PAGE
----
Wednesday, January 14, 2009

Reading, Libraries and Librarians

Spotted these recent posts in
The articles were interesting by themselves. Together, I see them as issues that relates broadly to the role of librarians.

The current brand name isn't that bad, is it?
Nowadays, I don't mind what I'm called (although I used to, but that's another story) -- as long as the library patrons/ users understand what the term is about*.

I can understand the intent in choosing a new professional title because few people understand what is it a librarian do on a daily basis.

A new name might be a better representation of the job scope but "Audience Development Officers" needs a rethink. The term is too generic and too vague, and hence counterproductive. The term "Librarian" may not be well understood but at least people can associate it with "Library", which is largely a positive association (I hope).

Also, in coming up with a new name, you'd need to spend efforts on branding. Might as well spend that money and effort building on an established brand like "Librarian". Granted some people may not think very highly of librarians (as QQ*Librarian points out here) but compared to decades ago, there's less negative association with it.

So I think it's about engaging in a holistic brand-building exercise, including a review of services and products. A mere name-change cannot effectively communicate what roles librarians perform and its relevance.

Reading is an anti-social experience
Justyn Dillingham, in reflecting on the annual survey of American reading habits, made these sensible points [emphasis mine]:
Teachers, librarians and even parents are helpless to force anyone to read for pleasure. By definition, reading for pleasure excludes the whole idea of obligation...

The truth is that the decline of reading for pleasure has little to do with the things that teachers, librarians and parents seem to think are causing it. The majority of American adults are literate, and high school English curriculums are meant to teach them to analyze literature, not enjoy it.

Unlike, say, watching a movie, reading a book is necessarily a private experience. No matter how similar your opinion of a book might be to someone else's, your experience of reading it will be different. Reading groups don't make reading a public experience; they're a place for people to share their personal experiences of a book.

Because reading is a private experience, it's an anti-social experience

Reading is also considered a frivolous activity - much more frivolous, say, than browsing the Internet. If you doubt this, try reading a book at work, even a book you're reading for work, and see how fast you catch your boss's attention - attention that your colleague who spends his days playing Minesweeper isn't likely to attract. (It's a wonder even as many as half of Americans still enjoy reading after being subjected to "The Scarlet Letter.") The reasons are more complex than that, and it's not at all clear that better education or higher literacy would change Americans' reading habits. - as opposed to television or movies, which are social experiences...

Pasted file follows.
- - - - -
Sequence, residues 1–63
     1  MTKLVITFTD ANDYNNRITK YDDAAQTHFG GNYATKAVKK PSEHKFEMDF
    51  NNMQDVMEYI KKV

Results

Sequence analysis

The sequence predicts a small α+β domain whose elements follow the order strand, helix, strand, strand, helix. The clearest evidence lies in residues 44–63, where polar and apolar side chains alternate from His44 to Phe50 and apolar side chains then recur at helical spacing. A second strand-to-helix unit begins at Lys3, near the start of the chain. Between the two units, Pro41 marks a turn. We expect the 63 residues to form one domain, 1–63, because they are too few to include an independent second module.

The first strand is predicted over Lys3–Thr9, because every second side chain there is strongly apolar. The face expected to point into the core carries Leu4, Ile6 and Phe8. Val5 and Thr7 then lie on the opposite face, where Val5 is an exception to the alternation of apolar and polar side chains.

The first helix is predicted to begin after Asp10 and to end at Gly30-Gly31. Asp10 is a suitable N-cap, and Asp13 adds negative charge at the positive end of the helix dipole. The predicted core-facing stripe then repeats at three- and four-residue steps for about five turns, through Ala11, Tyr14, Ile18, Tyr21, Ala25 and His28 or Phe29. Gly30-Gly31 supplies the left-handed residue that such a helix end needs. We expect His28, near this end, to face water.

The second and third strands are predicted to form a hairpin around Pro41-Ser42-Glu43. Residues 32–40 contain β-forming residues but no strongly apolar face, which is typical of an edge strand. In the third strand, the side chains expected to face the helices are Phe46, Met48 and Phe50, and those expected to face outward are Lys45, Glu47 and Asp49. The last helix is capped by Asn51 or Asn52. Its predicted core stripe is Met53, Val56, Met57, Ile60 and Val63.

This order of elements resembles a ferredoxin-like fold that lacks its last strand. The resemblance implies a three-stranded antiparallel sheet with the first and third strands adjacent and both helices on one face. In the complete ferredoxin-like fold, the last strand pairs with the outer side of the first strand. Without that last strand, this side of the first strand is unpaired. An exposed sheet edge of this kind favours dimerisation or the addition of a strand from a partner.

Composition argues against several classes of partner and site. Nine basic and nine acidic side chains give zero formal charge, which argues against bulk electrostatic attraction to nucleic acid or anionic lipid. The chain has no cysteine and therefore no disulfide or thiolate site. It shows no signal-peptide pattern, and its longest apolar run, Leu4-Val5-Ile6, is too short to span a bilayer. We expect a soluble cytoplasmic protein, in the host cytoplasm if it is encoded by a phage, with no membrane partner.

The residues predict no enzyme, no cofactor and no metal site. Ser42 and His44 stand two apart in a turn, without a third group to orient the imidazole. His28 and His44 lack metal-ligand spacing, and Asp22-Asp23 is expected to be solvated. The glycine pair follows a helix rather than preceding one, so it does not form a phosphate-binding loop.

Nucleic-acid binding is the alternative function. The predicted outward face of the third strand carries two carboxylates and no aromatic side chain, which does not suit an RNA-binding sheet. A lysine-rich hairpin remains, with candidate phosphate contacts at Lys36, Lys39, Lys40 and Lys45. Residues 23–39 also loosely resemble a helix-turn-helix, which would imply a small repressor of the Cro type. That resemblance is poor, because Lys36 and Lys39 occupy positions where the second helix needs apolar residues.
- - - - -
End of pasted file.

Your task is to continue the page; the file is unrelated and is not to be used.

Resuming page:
Calling reading an "anti-social" experience seems harsh to me. More accurate to say it's a solitary-experience. But that doesn't invalidate what Justyn is saying.

I agree with Justyn's observations that we cannot force people to read for pleasure.

But I feel strongly that it's the role of public service librarians to create the environment and sell the idea that reading can be something pleasurable and enjoyable.

Librarians can be educators and trainers, but I don't see our roles in promoting literacy per se.

We should be promoting reading and the broader scope of learning for pleasure (be it involving print or digital sources).

And as Justyn infers: in trying to promote reading, parents, teachers, and librarians have to be mindful that we, in our good intentions, do not inadvertently discourage reading as a pleasurable activity.

[* Yes yes, if you have something to say about "National Library" and "Public Library" feel free to post your comment here :)]


  1. Anonymous9:50 am

    agree that justyn's "anti-social" comment is too strong. i would prefer "non-social".

    but bringing this back to libraries - many libraries have reading rooms or areas, and you could even say that a library is really a big reading room. although library patrons don't socialize much there, the reading room does make reading a kind of social experience. there's no verbal socializing, but there's still this shared social presence of other readers, a belonging to a larger group of readers, punctuated by random eye contacts, that makes reading in a reading room a different experience than say reading alone at a cafe...

  2. Very nicely put, Tinkertailor!


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